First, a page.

Elder Stevenson Shares His Testimony of Joseph Smith and the “Miraculous Miracle” of the Book of Mormon

Contributed By Sarah Jane Weaver, Church News editor

  • 31 January 2019

Elder Gary E. Stevenson speaks at the Joseph Smith Memorial Devotional, sponsored by the Logan, Utah, institute on January 27, 2019.  Photo by Sarah Jane Weaver.

Article Highlights

  • The fact that the Book of Mormon was translated over only 85 days is miraculous.
  • Joseph Smith spoke with the power and authority of a true prophet of God.
  • Spend more screen time with the Book of Mormon.

“The Book of Mormon is filled with miracles for those who read it. … This is a book that brings faith, happiness, and joy.” —Elder Gary E. Stevenson


The power of the Book of Mormon comes with each reader’s mighty change of heart, said Elder Gary E. Stevenson of the Quorum of the Twelve Apostles on January 27.

“The Book of Mormon is filled with miracles for those who read it,” he said. “This is a book that brings faith, happiness, and joy.”

Offering the Joseph Smith Memorial Devotional address, Elder Stevenson reflected on his youth in Logan, Utah, and on the history of the annual event, now in its 75th year. Every Church President since David O. McKay has spoken at the devotional.

More than 9,000 Latter-day Saints gathered in the Spectrum building on the Utah State University campus for the devotional.

Elder Stevenson, a USU graduate, said he was grateful to be speaking in a location where he had “home court advantage.”

Sharing his sure testimony of the Restoration of the Gospel and the founding of The Church of Jesus Christ of Latter-day Saints, Elder Stevenson spoke to the congregation about the day 190 years ago on April 7, 1829, when Joseph Smith continued the translation of the Book of Mormon, with Oliver Cowdery now as his scribe, in Harmony, Pennsylvania.

At the time Joseph was just 23 years old and Oliver just 22; those assisting them were also young—Emma Smith, 24, David Whitmer, 24, and E. B. Grandin, 23—“a small group of what we would call millennials today.”

With Oliver as the principal scribe, Joseph translated 491 pages (269,510 words) in an 85-day period.

Also during that period, the Aaronic Priesthood and Melchizedek Priesthood were restored. Joseph received 13 revelations that are recorded in the Doctrine and Covenants. In addition, Joseph and Emma moved from Harmony, Pennsylvania, to Fayette, New York.

Joseph also applied to copyright the Book of Mormon, interviewed printers and selected E. B. Grandin, and negotiated financing for the printing of the book.

“It seems during this time the heavens were opened and there was a waterfall of revelation,” said Elder Stevenson.

Quoting Hiram Page, one of the eight witnesses of the Book of Mormon's gold plates, Elder Stevenson continued: “To say that a man of Joseph’s ability, who at the time did not know how to pronounce the name Nephi, could write a book of six hundred pages, as correct as the Book of Mormon, without supernatural power, … it would be treating the God of heaven with contempt, to deny these testimonies.”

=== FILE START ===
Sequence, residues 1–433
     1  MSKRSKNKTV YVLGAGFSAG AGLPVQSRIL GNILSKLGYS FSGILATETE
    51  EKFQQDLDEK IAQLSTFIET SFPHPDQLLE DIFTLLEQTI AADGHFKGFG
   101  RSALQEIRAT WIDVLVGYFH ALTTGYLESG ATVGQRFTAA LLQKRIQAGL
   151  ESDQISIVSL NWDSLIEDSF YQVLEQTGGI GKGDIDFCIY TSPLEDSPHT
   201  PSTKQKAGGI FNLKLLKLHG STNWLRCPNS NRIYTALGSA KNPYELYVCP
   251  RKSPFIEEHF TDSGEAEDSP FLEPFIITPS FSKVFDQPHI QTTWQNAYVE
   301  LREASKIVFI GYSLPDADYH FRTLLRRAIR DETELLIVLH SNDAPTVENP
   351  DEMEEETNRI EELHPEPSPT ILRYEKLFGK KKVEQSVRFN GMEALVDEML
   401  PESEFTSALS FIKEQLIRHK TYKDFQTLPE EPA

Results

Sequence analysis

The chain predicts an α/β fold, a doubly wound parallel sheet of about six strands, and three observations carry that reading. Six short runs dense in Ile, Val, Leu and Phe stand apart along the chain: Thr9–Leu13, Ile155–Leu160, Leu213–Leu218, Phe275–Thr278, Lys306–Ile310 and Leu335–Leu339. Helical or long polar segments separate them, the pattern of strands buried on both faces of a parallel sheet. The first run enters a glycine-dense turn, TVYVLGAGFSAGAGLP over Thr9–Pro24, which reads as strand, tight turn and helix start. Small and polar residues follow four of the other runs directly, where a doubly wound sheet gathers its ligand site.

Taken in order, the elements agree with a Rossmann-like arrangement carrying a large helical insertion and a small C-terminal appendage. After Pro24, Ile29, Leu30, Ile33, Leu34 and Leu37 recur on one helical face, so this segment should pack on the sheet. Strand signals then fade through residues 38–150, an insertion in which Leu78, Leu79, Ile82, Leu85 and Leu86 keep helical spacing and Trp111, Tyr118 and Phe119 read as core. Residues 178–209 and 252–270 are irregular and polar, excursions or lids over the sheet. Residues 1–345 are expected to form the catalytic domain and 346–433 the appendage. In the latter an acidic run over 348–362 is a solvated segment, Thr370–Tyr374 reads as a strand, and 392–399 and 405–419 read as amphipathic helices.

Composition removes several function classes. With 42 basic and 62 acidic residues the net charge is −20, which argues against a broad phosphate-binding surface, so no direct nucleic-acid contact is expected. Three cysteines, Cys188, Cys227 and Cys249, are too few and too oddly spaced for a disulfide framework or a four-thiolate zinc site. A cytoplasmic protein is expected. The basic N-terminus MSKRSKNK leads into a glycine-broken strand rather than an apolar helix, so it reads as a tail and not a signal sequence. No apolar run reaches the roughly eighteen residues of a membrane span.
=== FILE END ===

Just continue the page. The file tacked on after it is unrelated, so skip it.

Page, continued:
Quoting the introduction of the Book of Mormon, Elder Stevenson called the book the “keystone of our religion.”

He asked the congregation, “What are you going to do to make the Book of Mormon the keystone of your testimony?”

Holding up his cell phone, Elder Stevenson told the congregation they carry the Book of Mormon with them every day. “My invitation to you: find a little more screen time with the Book of Mormon.”

He closed by sharing the testimony of his 5th great-grandfather, Edward Stevenson, who heard Joseph Smith preach the gospel in Pontiac, Michigan. The prophet spoke with such power “it was said every person in the room knew what he said was true,” Elder Stevenson said.

Edward Stevenson would later write his testimony. “I can very well remember many of the words of the boy Prophet as they were uttered in simplicity, but with a power which was irresistible to all present. … With uplifted hand he said: ‘I am a witness that there is a God, for I saw Him in open day, while praying in a silent grove, in the spring of 1820.’”

Elder Stevenson closed by sharing his own testimony. “As has been done for 75 years on this campus I offer my witness of Joseph Smith.”

Sister Stevenson spoke about following President Russell M. Nelson’s direction in the October 2018 general conference for the women of the Church to read the Book of Mormon by the end of the year. “We know our prophet will never ask us to do anything we are not able to do,” she said.

Through the Book of Mormon, Sister Stevenson said she came to more fully understand the Savior’s love for all of God’s children.

She expressed deep gratitude for Joseph Smith. “I know Joseph Smith was a true and living prophet,” she said.

Sister Stevenson also offered her testimony that President Nelson is a “true and living prophet on the earth today.”

“I am very grateful for the gospel of Jesus Christ in my life and for the Book of Mormon, which gives us great peace and direction.”

Elder Stevenson also shared his witness of the “miraculous miracle”—as President Nelson fondly calls the Book of Mormon. Elder Stevenson said: “What we do know is what was done is an absolute miracle—even in today’s standard with modern tools of electronic dictionaries, word processing, machine learning in translation, the pace and subsequent work product are almost unthinkable.”

Elder Gary E. Stevenson speaks with youth at the Joseph Smith Memorial Devotional, sponsored by the Logan, Utah, institute on January 27, 2019. Photo by Sarah Jane Weaver.